He refused to allow anyone, except the Most High God, to provide for him. It mirrors the Law given in Deuteronomy 20:1-15, about wars with foreign nations. It talks about going to war against larger armies and not being afraid because the LORD will be with them (Deut. 20:1-3). Abraham was not afraid to go against any army, no matter if he is outnumbered. He only had 318 of his own men (Gen. 14:14). (A number reminiscent of a narrative in Judges). He only took food from the battle, as it in Deuteronomy 20:14 (NIV says “eat” instead of “enjoy”). Abraham believed his friends deserved a share (Gen. 14:24), as given in the Law (Deut. 20:14). We even find this mysterious priest-king of Salem, Melchizedek, of the Most High God. He blessed Abraham and gave praise to the the LORD for delivering his enemies to him (Gen. 14:20). Before Israel was to go to battle a priest was to address the army and declare Yahweh would fight against their enemy (Deut. 20:4).
That’s all good, but what does all this mean? Long before Laws were chiseled into rock tablets, Abraham was living in harmony with the will of God. He demonstrates what it looks like when God’s Law has been written on the heart. It was not about following a list, but trusting the One who called him out of the land of his ancestors to be blessed. Which speaks of a future promise and new covenant (Jer. 31:31-33), when God will write His laws on the hearts of His people. The Pentateuch was already pointing to that day.
Deuteronomy 30:6, The LORD your God will circumcise your heart and the hearts of your descendants, and you will love Him with all your heart and all your soul so that you will live.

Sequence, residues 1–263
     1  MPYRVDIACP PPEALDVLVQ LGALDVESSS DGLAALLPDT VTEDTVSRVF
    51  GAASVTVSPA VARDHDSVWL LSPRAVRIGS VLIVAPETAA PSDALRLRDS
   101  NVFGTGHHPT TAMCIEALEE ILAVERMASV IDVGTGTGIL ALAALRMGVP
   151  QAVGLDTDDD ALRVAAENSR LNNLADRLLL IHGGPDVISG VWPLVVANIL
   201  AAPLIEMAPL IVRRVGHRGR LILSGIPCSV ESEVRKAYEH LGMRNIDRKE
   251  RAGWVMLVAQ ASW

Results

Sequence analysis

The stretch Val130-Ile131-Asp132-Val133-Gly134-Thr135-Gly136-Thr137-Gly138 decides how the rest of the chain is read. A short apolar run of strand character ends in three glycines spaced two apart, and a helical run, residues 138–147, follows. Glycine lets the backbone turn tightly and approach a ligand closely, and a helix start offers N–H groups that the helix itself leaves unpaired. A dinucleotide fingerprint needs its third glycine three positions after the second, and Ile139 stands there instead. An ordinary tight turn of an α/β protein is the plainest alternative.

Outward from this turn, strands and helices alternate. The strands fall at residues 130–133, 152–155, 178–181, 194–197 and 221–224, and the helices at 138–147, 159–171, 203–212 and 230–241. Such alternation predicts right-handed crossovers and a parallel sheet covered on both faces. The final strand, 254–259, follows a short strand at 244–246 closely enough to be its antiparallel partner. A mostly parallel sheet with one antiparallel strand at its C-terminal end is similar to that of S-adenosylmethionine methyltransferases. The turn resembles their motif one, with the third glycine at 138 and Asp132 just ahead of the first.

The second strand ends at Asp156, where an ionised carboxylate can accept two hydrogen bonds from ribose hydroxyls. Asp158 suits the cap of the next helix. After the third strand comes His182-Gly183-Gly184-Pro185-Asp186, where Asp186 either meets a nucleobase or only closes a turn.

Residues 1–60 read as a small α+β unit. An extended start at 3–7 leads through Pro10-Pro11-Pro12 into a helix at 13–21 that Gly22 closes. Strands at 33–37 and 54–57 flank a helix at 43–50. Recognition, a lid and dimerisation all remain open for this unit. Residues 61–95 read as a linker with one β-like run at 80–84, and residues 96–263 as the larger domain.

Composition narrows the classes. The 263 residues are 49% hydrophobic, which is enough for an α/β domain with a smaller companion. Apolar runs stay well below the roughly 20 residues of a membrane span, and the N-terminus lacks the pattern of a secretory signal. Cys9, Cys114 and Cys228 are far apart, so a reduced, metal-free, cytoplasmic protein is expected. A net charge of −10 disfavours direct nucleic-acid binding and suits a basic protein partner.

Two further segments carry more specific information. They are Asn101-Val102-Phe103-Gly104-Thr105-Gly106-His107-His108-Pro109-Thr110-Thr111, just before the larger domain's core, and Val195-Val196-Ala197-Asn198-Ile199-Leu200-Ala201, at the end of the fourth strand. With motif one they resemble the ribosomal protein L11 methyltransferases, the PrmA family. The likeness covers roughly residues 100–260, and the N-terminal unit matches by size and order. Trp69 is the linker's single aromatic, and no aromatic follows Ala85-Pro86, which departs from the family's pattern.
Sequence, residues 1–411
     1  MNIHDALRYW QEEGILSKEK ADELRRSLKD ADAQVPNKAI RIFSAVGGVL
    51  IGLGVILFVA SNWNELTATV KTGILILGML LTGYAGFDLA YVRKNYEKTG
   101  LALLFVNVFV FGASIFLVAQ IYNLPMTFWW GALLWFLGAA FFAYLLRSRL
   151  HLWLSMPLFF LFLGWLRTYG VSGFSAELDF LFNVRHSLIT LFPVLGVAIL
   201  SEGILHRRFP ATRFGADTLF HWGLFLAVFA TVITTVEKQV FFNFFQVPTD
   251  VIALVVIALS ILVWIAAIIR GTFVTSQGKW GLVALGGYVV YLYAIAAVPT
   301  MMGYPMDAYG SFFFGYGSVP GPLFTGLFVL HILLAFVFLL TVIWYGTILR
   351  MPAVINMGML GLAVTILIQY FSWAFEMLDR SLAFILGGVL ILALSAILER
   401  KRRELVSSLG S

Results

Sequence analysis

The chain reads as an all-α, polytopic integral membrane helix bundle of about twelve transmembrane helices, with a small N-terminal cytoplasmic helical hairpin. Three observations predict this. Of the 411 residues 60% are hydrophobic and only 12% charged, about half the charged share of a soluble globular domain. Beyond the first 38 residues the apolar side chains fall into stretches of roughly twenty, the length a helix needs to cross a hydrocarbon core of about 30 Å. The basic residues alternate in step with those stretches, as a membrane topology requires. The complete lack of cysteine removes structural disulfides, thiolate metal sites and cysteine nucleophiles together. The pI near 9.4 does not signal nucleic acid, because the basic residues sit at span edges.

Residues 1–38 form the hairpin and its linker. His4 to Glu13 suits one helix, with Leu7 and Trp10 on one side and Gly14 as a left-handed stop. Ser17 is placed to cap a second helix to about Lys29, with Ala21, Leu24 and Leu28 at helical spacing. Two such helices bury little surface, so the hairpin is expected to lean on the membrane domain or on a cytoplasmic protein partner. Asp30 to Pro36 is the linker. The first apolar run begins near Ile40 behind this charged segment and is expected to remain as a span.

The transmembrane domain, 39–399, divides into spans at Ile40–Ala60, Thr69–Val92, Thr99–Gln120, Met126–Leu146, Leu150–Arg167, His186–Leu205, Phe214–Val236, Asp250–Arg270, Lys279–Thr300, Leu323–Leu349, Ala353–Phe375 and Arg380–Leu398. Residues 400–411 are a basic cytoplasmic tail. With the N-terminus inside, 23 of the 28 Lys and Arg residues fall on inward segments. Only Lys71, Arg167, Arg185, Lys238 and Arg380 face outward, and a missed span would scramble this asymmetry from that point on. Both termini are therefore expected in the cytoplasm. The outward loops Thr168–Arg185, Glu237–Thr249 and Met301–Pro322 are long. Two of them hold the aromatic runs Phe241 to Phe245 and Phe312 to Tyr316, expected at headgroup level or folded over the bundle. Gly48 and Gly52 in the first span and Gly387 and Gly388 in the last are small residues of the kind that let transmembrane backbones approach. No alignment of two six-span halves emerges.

Later on, Paul picks up this theme of Abraham as one who had a heart for God and exemplified a life under the new covenant (Rom. 4:1-5; Gal. 3:11-14). With the coming of Christ and the new covenant, the emphasis is placed on faith. Once again we are linked back to the Garden of Eden. So many see “Law” or “commands” in a negative way. We miss the point. Each day we stand before the Tree of Knowledge of Good and Evil and decide if we will follow the Creator. Adam and Eve were told not to eat of the tree to keep them from the curse of death, which meant being separated from the Tree of Life. Just as the first humans were depended on the Creator’s knowledge of good and evil, so are we as we approach God’s instructions for humanity. God’s Word was given to us to show us what is good and needed to regain life lost in Eden. If Genesis has taught us the importance of walking with God. Enouch, Noah and, of course, Abraham walked with Yahweh. They walked in faith and trust. None fo them were perfect, but they continued to move along the path of their Creator. Abraham loved God, and it was out of that love and trust, he obeyed. It was not about checking off a list, but walking closer with the Most High God.
When Jesus walked the earth, the Word became flesh, and He showed us what it looked like to fully trust in the Father. He was surrounded by Scribes and Pharisees who were meticulous in following Law (Matt. 23:23), but their hearts were far from God (Matt. 15:8). Abraham kept the instructions, commands, mandates and ordinances of God, yet was not given a list of what those were. He followed out of a genuine love and trust for God. Now the Spirit of life has come in us to breathe God’s heart into ours. By the Spirit, our hearts have been circumcised (Rom. 2:29). We are baptized into the death of Jesus and raised in a new way of life (Rom. 6:4). Sin and death no longer rule our lives. God lives in us and empowers us to a life of obedience.